It is, by the way, possible that Labour could edge to 2020-21, but we don't have figures for that. So I'm sticking with 2019-20. Either way, going for a later target lets them spend more throughout the parliament.
By 2019-20, the Conservatives' plans to run an overall surplus means that they could spend £809bn on both day-to-day spending and investment on longer-term kit. Achieving that requires overall cuts to departmental spending over the parliament.
If Labour aims to balance the current budget in 2019-10, they would need to only cover their current budget from the same revenue. So the scale of the difference between the party is roughly the size of the net investment budget.
That is a spending line currently pencilled in for roughly £30bn for that year. Labour could actually gently increase spending over the parliament and hit their fiscal targets.
What does this mean for debt? The Treasury estimates that the Labour path means national debt at 78% of GDP, as against 72% of GDP on the Conservative path in 2019-20. That's a significant difference, but it is not an Earth-shattering one.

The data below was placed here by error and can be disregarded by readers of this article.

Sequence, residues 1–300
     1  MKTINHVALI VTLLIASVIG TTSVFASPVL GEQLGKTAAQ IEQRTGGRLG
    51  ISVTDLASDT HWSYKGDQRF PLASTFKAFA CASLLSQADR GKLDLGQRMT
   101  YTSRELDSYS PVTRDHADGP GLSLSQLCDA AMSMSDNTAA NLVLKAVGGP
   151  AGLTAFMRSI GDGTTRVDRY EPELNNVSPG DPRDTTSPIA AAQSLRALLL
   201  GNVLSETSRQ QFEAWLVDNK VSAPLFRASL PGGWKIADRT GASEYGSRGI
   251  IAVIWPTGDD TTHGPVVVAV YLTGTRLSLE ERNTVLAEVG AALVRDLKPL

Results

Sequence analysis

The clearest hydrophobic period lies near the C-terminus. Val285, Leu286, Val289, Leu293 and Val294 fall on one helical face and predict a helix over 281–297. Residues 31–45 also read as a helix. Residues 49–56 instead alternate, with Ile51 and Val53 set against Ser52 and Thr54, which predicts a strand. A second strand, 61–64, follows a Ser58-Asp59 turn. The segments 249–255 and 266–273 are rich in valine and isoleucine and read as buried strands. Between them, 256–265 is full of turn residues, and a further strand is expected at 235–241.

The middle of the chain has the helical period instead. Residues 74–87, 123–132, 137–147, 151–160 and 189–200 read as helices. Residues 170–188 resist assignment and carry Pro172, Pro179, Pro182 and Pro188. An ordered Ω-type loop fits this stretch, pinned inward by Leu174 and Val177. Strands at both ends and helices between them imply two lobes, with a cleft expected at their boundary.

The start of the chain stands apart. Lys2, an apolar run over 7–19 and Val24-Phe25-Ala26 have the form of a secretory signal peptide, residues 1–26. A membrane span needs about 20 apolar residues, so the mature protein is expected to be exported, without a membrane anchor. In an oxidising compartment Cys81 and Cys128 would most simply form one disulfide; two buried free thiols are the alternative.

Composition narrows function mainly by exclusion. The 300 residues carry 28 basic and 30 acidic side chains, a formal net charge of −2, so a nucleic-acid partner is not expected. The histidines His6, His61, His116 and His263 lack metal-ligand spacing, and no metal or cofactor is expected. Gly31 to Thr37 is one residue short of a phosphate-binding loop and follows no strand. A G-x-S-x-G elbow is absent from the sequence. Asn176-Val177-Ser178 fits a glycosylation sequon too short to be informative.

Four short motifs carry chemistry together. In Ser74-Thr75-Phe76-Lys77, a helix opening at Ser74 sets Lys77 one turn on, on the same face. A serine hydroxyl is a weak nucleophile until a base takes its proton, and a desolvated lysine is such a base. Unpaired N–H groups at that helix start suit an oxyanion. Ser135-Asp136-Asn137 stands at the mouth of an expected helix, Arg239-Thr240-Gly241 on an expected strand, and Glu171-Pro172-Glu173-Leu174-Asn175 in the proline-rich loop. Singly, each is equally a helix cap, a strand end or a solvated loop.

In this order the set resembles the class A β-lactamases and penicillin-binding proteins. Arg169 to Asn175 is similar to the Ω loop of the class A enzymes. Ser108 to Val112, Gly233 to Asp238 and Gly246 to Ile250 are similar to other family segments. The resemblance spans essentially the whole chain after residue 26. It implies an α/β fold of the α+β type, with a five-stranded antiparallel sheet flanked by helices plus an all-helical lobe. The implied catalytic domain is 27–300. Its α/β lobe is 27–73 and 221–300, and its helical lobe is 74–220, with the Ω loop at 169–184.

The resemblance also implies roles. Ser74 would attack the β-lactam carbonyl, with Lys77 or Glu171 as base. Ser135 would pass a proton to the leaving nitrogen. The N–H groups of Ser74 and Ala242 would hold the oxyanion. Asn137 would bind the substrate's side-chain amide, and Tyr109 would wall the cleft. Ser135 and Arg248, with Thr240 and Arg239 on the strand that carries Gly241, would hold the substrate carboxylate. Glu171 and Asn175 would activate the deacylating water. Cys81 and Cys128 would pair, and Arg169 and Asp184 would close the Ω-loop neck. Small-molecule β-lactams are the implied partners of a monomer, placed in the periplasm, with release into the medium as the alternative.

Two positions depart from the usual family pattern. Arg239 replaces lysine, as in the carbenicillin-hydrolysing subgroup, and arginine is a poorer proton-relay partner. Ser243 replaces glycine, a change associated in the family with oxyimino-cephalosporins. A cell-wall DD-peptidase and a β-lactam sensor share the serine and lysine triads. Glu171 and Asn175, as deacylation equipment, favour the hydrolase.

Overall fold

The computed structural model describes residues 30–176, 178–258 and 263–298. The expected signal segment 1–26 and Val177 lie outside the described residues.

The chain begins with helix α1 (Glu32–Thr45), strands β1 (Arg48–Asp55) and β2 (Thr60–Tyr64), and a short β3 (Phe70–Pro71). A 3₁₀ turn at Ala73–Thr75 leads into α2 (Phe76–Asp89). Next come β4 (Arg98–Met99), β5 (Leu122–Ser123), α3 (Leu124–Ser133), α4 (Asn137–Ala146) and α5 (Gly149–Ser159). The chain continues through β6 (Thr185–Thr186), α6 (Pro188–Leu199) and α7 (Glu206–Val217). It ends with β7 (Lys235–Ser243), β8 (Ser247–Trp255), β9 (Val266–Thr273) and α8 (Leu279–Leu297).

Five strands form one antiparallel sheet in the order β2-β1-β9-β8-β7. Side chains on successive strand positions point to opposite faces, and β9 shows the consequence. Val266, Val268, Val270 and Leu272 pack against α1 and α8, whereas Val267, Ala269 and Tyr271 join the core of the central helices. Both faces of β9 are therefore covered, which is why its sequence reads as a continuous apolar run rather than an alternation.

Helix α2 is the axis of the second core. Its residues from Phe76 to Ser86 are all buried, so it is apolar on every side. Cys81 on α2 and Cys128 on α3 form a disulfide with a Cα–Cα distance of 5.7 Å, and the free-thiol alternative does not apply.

One thing is bothering me slightly about this election campaign. We are quite naturally getting hung up on the parties' fiscal plans, but are we not in danger of doing so to the exclusion of everything else?
I can see why we've got here. Labour don't want to admit in plain language the blindingly obvious point - they'll borrow and spend more than the Conservatives; the Conservatives on their part don't want to tell us how they will cut spending to the level they propose. These pieces of obfuscation are important; they are central to the parties' programmes and deserve to be interrogated. Getting into the nitty gritty of their fiscal plans is how you test their credibility.
But for all our attempts to expose the differences between the parties, we haven't actually given expression to the central issue dividing them - how fast should we aim to get the national debt down?
Is the faster, Tory trajectory the right one because it leaves us with lower debt interest payments in future? Or is the more leisurely and less painful Labour one to be preferred? That is really the distinction between those two parties. Even if the parties don't want to have that argument, maybe we should have it anyway.